Thankfully, he has Dr. Sam — who is definitely going to become Eve’s love interest — at his disposal. But let’s hope no one else becomes wolf bait because they only have one ambulance to pull supplies from.
There are definitely a handful of characters in the primitive timeline.
Josh, Riley (Sam’s daughter), and Scott (the poor guy who was high when he took the plunge) are bound to have a love triangle.
MaryBeth said she’s a cop, but there’s something off about her.
While she clearly understands the idea of “every human for himself” and anticipates things getting ugly when supplies start running out, it was also kind of messed up of her to hide the protein bars for a “rainy day.” She definitely can’t be trusted.
And then there’s Ty, who I can’t really figure out. He’s a psychologist, so I guess that’ll come in handy when everyone starts losing it, although, it isn’t super helpful that he was already on the verge of committing suicide.
For some reason, I got the vibe that he had been there longer than everyone else, but I think I may have made that up.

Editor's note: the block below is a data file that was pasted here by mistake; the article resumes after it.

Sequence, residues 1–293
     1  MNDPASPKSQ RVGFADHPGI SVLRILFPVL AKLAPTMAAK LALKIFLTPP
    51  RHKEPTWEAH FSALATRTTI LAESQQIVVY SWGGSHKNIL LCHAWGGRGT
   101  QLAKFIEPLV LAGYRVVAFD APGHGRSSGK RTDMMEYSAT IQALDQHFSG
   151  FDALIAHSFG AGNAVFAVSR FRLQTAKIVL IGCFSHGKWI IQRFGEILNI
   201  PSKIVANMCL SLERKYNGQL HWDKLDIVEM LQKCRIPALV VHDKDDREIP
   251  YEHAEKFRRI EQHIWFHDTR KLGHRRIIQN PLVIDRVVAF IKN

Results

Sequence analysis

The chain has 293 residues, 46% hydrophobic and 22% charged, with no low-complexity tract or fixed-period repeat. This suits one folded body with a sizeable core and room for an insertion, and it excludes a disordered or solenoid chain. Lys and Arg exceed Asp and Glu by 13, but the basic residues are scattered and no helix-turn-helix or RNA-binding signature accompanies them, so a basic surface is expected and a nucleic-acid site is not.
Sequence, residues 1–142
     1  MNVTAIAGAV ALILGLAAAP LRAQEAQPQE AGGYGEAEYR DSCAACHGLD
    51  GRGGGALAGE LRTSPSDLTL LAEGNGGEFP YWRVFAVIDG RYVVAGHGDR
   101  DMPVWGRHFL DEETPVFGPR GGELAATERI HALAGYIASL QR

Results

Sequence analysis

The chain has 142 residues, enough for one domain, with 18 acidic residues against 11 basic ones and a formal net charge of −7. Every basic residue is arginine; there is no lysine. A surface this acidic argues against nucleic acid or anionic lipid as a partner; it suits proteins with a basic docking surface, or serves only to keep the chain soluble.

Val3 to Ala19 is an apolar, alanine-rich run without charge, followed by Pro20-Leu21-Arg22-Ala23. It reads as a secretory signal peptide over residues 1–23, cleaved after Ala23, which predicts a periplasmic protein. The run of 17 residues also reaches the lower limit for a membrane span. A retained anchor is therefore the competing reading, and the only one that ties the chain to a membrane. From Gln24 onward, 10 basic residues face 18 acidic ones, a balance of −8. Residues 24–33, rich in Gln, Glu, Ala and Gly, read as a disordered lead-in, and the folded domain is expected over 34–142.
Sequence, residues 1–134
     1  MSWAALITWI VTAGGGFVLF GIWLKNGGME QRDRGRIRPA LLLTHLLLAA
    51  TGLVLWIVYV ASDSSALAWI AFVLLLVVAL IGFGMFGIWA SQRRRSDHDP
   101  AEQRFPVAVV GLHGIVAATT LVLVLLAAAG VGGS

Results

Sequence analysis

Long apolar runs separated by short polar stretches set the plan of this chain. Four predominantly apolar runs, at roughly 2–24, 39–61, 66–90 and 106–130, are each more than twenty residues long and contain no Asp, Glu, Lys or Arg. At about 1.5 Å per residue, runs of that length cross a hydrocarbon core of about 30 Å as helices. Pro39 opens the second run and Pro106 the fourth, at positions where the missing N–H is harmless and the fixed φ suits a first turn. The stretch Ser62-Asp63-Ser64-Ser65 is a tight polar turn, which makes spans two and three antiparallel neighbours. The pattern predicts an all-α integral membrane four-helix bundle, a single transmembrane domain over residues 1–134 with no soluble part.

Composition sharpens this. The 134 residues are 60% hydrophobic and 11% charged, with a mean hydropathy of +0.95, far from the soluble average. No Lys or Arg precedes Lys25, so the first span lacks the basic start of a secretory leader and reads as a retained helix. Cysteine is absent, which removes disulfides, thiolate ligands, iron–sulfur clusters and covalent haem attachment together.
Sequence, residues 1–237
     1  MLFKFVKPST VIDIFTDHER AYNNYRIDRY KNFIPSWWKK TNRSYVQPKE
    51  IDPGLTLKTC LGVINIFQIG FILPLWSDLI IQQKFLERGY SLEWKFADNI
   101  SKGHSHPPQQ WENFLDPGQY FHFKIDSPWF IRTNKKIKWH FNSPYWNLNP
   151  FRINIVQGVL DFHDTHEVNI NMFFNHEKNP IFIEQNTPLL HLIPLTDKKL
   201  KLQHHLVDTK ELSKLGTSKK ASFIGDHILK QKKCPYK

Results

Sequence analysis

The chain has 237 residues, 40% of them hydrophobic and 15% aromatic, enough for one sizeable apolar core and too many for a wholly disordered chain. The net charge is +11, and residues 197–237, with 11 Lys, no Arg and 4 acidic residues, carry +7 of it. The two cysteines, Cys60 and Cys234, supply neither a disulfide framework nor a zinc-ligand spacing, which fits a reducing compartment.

But there’s a huge chance they aren’t alone, alone as we see a brief glimpse of a man watching them after they sent up the flare.
He looked as though he was there for quite some time and was distrustful of humans. Considering Gavin has been there before, maybe he was the other man on the plane that crashed?
The final few moments of the episode find the group rejoicing as they get the medication to help Josh only for them to get ambushed by a saber tooth tiger.
Will they get killed? Likely not, but it’s a considerable obstacle for them to get over when they’re already limited on supplies and without a connection to their own reality.
What do you think opened up the sinkhole? Did the Tar Pits have anything to do with it? What’s up with Gavin’s visions? What caused the rift in the sky? What are the odds they’ll come across a dinosaur? That may or may not be the only reason I’m watching.
Let us know your thoughts about the episode in the comments below!
Will you continue to watch week-to-week?
‘La Brea’ Canceled at NBC—Here’s What It Means for Season 3
La Brea has officially been canceled by NBC.
The series is gearing up for a third and final season, which will also see fewer episodes.
The news was announced on November 20, and while it’s not what fans wanted to hear, NBC is at least giving fans closure.
The final six episodes will premiere on January 9, 2024. It will be a lead-in to the season’s final two episodes of the hit fall drama Found.
The first and second seasons consisted of 10 and 14 episodes, respectively. The WGA and SAG-AFTRA strikes then forced NBC to release the actors from their contracts.
With six episodes to tie up loose ends, let’s hope that the storyline will be wrapped up in a sufficient way that answers any and all questions and leaves fans feeling satisfied.